The village of Long Tanid sought Seacology’s support to complete a 12-kilowatt micro-hydro installation to power a community rice milling enterprise. The community has agreed to protect more than a thousand acres of pristine Borneo forest for 15 years.
Long Tanid is a rice farming community in the remote highlands of Borneo. The villagers are members of the Lun Bawang ethnic group, an indigenous minority. The men are famous for their traditional tree bark jackets. The organic rice grown there is renowned for its high nutrient content, but because of poor access to markets, most of the rice grown is for subsistence.
Installing a community-based micro-hydro system helps the community fulfill its dream of forming a rice-milling co-operative. Energy from a micro-hydro system is 80% cheaper than electricity from a diesel generator. And because micro-hydro makes use of the rivers that course down Borneo’s mountains, without disturbing them or the surrounding forest, it is much more environmentally sound.
The conservation area is old-growth hardwood rainforest. The region is a biodiversity hotspot, with 130 species of orchids, 40 species of ginger, and the greatest variety of rhododendrons in Borneo. There are an estimated 250 bird species, including hornbills, as well as pangolins, gibbons, red langurs, Hose’s leaf monkeys, bearded pigs, and Malayan porcupines. Conserving the area will not only save the habitat of these and other creatures, but also reduce erosion, siltation, water scarcity in the dry season, and floods in the rainy season.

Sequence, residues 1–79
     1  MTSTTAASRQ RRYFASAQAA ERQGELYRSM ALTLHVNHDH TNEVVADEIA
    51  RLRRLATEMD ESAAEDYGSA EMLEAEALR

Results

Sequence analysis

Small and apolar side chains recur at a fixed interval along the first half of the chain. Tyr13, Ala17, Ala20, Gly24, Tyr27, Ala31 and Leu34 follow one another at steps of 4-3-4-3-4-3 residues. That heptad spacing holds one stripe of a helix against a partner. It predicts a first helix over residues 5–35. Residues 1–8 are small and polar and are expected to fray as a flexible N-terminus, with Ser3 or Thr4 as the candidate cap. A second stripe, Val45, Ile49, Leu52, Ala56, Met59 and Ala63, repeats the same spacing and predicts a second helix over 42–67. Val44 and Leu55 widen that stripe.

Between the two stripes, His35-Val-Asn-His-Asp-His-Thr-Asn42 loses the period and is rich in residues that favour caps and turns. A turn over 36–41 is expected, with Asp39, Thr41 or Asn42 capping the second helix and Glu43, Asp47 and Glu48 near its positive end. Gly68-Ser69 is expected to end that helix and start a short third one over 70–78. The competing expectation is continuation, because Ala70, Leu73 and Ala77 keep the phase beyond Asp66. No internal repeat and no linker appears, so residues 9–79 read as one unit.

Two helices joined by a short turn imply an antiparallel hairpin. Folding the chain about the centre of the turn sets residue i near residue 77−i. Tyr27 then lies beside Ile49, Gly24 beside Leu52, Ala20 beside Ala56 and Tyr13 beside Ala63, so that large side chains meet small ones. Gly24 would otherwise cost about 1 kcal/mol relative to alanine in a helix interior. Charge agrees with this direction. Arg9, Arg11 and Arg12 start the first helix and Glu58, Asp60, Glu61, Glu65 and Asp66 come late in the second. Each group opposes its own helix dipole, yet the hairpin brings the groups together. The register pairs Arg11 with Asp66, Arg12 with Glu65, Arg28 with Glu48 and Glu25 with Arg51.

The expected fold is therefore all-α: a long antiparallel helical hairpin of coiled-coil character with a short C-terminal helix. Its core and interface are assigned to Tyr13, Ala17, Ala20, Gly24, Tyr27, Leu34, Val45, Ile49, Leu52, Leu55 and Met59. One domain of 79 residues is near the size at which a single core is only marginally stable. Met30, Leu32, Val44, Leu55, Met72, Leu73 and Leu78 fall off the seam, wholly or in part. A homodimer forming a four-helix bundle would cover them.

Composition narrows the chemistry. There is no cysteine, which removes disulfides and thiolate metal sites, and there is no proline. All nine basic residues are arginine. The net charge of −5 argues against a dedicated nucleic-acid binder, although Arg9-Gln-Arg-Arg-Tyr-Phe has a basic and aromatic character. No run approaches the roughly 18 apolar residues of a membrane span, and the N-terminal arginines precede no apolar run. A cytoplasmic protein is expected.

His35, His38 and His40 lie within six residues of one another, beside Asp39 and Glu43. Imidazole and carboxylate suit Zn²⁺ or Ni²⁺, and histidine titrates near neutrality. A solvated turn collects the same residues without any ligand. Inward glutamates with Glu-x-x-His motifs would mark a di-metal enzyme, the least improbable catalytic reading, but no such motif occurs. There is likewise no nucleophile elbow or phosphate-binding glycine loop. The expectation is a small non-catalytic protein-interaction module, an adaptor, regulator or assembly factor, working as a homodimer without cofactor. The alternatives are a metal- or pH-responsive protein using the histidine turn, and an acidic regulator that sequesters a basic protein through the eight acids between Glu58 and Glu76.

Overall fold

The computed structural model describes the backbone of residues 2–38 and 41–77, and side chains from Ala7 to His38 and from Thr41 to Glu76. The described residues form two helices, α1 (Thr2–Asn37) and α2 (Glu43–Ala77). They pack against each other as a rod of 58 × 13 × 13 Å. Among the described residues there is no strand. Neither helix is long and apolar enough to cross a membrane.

Like most communities in Borneo, Long Tanid is under constant pressure from timber and oil palm interests; there is a large logging concession nearby. Setting aside the forest for conservation helps the community resist this pressure.
Our partner is Green Empowerment, which has worked with Seacology on other successful Borneo micro-hydro projects and has collaborated with Seacology Prize recipient Adrian (Banie) Lasimbang for decades. These organizations are known for their community engagement and are almost entirely staffed by indigenous community engineers.